“All right, mother, I’ll tell you. I was out with Buzz. And what’s more, I had a ball.”
We take you now, live, to Elizabeth Collins Stoddard, who’s sitting in her bedroom with a seriously bewildered look on her face.
Her gaze darts across the room to the Collins Family Bible, which is sitting on a nearby credenza, apparently calling to her in a fairly urgent way. She stands up, leafs through the book until she finds the Family Register page, and stares at her own birthdate.
Suddenly, she slams the book shut, looks around, and says, “What am I doing?” Then she pauses, waiting for an answer. I thought that was a rhetorical question, but she might actually be asking the director.
And this is it, I’m afraid. This is the most dramatic action sequence in the entire episode, and it involves a desperate woman at war with a book.
Yes, it’s another suicidal-Liz episode, and the strange thing is that Liz is more cheerful today than usual. She’s going to commit suicide at the end of the day, and having made that decision, she seems super relaxed. If this is her last day, then she’s decided to enjoy it.
First on the list, obviously, is telling Vicki that she can have a day off. Getting the irritating governess out of the house is a key ingredient for an enjoyable staycation day.
It’s Roger’s turn next; this entire episode is going to be Liz giving final briefing instructions to her family and friends. They run through the usual “I can’t believe you’re marrying Jason McGuire” formalities.
Then Liz says, “If you’ve said everything you’ve had to say, I’d like to get dressed. Finish dressing.” It’s an obvious line flub, but even if she meant to say “I’d like to finish dressing” then it still wouldn’t make any sense. She’s about as dressed as you could ever be, including a scarf, a pearl necklace and a bow in her hair. What else could she possibly put on?
But whatever it is that she needs to do, it’s invisible to the naked eye; she looks just the same after the commercial break, when it’s time for her scene with David.
She tells him that she wants to spend some time with him today, and says that she wants him to remember how much she loves him. There’s an adorable moment where she says, “Your hair needs combing,” and reaches out to smooth his hair. It’s very sweet, a legitimately warm moment.
Just about everything is sweet in the episode today, tinged with sadness. It’s good, nutritious soap opera writing — small, intimate moments between two people who like each other. That’s a big part of the soap opera’s appeal, allowing you to see other people living their lives.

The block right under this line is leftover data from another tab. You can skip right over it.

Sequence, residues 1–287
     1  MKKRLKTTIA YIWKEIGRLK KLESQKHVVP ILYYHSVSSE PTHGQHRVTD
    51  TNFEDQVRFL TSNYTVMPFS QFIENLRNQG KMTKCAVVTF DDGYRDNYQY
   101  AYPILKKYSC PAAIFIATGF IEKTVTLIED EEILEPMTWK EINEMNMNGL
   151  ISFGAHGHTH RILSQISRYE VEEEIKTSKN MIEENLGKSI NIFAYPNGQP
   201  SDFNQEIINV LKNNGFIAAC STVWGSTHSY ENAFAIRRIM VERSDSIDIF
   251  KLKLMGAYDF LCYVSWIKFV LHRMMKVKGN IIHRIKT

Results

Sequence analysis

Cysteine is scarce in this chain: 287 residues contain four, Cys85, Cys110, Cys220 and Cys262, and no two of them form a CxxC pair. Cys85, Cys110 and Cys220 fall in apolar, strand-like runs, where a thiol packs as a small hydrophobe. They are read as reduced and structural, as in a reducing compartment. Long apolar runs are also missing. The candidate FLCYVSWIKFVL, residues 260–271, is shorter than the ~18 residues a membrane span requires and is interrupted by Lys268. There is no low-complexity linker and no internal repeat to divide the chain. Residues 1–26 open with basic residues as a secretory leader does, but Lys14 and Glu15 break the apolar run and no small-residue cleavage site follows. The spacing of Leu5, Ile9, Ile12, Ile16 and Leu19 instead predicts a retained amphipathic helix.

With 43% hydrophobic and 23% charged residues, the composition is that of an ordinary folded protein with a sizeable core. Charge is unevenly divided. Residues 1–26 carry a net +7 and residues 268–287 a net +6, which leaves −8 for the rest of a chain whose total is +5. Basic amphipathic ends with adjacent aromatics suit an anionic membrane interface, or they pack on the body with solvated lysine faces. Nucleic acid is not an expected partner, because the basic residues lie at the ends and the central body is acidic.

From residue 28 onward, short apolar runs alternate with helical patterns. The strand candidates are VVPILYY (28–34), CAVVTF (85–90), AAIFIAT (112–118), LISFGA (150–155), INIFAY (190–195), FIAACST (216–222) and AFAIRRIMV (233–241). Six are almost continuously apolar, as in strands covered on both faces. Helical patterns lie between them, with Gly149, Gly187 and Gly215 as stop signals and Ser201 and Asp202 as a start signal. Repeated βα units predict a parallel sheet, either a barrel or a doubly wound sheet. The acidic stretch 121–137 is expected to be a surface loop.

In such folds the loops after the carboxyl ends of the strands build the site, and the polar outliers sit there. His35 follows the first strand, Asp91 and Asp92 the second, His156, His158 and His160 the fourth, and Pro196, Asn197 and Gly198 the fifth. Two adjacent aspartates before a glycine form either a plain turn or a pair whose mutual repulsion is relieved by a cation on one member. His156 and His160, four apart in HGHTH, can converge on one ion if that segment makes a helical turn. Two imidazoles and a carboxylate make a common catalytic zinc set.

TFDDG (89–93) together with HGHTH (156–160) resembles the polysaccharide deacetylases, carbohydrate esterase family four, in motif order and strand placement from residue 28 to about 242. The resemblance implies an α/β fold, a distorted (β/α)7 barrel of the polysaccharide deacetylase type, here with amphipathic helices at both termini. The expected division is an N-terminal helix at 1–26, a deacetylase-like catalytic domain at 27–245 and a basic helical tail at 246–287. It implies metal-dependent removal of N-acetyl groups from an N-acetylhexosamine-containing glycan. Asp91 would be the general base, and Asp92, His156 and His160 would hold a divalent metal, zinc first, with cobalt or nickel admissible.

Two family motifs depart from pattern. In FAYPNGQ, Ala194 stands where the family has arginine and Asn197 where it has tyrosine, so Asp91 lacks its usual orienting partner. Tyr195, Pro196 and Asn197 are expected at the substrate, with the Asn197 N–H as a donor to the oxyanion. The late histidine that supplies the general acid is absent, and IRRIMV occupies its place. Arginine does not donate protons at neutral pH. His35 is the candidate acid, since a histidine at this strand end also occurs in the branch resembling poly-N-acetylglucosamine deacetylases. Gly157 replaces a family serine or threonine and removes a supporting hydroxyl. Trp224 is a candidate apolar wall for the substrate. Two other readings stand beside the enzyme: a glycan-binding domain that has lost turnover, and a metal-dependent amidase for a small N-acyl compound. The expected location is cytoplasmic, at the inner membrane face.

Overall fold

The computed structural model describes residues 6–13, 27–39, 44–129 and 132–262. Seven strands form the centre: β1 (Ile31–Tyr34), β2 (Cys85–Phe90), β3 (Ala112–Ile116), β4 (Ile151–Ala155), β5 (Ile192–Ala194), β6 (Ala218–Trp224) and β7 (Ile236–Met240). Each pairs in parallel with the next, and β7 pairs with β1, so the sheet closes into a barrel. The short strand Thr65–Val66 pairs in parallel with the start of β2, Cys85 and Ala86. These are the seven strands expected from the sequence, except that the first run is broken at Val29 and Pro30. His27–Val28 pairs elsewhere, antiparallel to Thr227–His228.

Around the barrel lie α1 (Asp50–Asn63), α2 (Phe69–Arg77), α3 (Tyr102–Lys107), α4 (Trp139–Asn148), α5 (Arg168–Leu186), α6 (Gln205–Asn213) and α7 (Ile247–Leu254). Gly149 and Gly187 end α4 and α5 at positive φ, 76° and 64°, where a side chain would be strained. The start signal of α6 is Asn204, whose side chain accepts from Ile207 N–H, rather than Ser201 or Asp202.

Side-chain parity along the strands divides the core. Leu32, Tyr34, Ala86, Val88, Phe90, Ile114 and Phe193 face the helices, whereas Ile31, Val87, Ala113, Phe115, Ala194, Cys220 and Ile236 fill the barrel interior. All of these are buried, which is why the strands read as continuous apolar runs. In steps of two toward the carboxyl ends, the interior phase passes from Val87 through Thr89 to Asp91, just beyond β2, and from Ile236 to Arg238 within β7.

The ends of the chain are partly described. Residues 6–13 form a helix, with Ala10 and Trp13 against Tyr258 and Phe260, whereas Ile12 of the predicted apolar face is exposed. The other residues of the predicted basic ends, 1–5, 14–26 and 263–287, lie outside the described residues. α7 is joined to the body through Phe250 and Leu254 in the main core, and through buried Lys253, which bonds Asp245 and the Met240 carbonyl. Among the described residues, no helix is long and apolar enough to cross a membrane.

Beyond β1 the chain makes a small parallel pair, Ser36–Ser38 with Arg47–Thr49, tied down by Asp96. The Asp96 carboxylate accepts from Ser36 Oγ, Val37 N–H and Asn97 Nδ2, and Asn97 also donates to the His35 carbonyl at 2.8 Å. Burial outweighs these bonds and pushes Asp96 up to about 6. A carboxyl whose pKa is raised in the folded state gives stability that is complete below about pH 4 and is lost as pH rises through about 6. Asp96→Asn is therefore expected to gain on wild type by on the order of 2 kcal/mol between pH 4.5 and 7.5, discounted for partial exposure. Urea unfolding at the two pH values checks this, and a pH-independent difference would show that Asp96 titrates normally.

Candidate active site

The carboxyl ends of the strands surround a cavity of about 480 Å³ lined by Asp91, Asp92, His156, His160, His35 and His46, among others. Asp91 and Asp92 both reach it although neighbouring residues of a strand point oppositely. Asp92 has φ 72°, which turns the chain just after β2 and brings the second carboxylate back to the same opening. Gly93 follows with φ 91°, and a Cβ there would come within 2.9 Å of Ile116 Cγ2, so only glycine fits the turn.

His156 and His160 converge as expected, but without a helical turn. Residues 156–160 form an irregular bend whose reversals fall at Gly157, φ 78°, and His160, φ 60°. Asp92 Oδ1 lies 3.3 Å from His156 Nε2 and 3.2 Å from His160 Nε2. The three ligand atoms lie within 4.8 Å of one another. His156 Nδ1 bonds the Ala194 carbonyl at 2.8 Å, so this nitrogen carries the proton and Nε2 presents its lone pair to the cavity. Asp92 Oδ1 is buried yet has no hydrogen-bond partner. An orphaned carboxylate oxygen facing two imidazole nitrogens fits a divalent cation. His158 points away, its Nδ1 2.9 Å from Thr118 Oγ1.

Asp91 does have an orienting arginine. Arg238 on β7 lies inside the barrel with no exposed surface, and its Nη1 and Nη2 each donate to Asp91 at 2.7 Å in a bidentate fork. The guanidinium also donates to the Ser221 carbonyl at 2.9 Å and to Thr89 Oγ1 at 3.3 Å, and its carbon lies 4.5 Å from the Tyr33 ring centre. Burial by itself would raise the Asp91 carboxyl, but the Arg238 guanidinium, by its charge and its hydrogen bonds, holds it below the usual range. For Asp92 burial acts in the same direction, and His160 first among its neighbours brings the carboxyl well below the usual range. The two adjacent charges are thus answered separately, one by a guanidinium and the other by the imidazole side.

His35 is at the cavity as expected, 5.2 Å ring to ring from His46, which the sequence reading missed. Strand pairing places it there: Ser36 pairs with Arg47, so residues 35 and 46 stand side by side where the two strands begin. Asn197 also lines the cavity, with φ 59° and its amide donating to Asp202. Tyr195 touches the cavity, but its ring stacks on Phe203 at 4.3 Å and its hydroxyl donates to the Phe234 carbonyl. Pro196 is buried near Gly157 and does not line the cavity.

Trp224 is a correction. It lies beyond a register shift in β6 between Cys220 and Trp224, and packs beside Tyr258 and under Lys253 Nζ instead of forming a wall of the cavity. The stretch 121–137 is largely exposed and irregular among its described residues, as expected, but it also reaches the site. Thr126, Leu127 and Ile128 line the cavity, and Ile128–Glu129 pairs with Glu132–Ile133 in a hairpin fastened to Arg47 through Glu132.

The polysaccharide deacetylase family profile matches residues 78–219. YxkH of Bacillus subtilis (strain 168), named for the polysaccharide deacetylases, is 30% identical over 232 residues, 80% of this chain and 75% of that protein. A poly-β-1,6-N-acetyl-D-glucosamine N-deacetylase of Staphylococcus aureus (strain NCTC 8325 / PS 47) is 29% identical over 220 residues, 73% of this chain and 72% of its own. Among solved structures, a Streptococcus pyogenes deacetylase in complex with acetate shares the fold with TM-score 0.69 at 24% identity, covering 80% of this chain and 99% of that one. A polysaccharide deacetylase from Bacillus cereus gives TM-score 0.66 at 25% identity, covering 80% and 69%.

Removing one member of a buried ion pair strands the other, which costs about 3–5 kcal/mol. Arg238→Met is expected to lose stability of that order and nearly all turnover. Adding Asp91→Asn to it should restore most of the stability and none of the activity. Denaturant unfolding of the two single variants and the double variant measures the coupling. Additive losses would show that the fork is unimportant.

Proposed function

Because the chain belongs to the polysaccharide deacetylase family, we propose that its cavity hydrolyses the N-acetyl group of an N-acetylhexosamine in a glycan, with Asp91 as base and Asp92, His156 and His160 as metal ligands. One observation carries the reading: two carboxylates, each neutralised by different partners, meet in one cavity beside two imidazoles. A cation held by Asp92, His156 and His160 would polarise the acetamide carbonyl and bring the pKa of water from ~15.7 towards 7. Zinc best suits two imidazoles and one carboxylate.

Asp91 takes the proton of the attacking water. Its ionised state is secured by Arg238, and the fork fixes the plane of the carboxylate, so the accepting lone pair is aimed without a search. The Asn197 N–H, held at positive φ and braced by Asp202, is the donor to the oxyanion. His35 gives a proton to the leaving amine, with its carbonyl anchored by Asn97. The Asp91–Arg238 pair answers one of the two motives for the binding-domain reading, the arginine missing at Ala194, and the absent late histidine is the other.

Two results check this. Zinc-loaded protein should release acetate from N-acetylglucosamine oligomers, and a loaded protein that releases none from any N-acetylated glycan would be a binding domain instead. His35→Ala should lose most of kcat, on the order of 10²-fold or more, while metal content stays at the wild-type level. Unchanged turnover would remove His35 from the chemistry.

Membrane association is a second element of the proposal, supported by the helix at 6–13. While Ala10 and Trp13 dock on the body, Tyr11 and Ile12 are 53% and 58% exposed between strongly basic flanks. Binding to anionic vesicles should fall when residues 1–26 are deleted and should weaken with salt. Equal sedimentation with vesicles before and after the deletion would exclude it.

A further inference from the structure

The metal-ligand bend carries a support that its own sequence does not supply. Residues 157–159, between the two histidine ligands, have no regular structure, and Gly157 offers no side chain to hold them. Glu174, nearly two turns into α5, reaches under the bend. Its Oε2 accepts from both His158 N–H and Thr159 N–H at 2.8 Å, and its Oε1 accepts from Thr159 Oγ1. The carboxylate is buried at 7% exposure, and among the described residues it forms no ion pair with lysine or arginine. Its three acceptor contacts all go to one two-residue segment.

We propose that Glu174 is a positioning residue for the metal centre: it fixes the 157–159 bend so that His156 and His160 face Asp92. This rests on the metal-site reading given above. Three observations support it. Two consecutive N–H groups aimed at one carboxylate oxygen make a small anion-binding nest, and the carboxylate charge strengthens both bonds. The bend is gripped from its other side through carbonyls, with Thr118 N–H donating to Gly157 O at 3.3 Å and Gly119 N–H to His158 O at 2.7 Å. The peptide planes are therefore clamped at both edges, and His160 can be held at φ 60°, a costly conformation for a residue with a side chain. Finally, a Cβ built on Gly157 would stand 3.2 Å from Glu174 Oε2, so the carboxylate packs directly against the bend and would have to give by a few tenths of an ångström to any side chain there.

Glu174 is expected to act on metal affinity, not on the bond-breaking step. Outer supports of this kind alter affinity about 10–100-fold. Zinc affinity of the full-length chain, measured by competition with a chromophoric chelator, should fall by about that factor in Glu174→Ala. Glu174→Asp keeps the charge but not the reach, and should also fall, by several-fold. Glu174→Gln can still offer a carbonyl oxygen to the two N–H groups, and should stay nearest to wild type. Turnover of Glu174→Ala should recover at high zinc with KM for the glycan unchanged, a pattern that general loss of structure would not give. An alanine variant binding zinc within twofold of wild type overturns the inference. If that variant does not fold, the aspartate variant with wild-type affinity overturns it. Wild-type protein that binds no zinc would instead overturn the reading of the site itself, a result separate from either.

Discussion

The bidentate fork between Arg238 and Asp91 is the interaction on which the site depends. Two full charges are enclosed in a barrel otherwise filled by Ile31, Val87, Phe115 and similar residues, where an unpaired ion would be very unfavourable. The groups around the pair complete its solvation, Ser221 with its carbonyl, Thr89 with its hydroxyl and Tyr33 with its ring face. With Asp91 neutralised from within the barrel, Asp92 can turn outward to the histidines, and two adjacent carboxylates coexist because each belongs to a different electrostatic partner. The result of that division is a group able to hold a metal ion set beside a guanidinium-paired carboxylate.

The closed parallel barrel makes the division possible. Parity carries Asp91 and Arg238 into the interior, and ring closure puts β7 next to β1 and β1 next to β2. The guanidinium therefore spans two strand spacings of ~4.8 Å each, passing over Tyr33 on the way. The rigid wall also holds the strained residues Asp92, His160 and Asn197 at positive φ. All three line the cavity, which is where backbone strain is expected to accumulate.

However, the problem for you and me right now is that you don’t want to read about it, and I don’t want to write about it. In fact, there’s a very good chance that the 1967 audience didn’t want to watch it. This aired the day after July 4th, when the kids were just hanging around the house with exactly nothing to do. The Dark Shadows ratings were climbing, but it’s not because the American people suddenly developed an unquenchable appetite for quiet character moments.
And the crazy thing is that this entire week is building up to Liz and Jason’s wedding on Friday, and most of next week is the fallout. Friday’s got a nice climax moment, and Monday has its moments, but this is not the material that the kids are tuning in for.
That’s all I’ve got today, I’m afraid. Come back tomorrow and I’ll try to come up with something more interesting to say, but I can’t make any promises.
Tomorrow: Loving the Monster.
Dark Shadows bloopers to watch out for:
Watch Liz’s pen when she writes the date of her death in the family Bible. She writes a squiggle, then two straight lines.
Liz writes the date of her death as April 10, 1967, which is so baffling that it makes me worry that there’s a crack in the world somewhere. This episode was filmed in mid-June, and aired in early July. Vicki seeing the date is the big reveal for the end of the episode; the audience is supposed to see that date and gasp, because — that’s today’s date! But it isn’t; it’s three months ago. If any of you can think of an explanation for this, please leave a comment; I’d love to hear it. I’m stumped.
Tomorrow: Loving the Monster.
— Danny Horn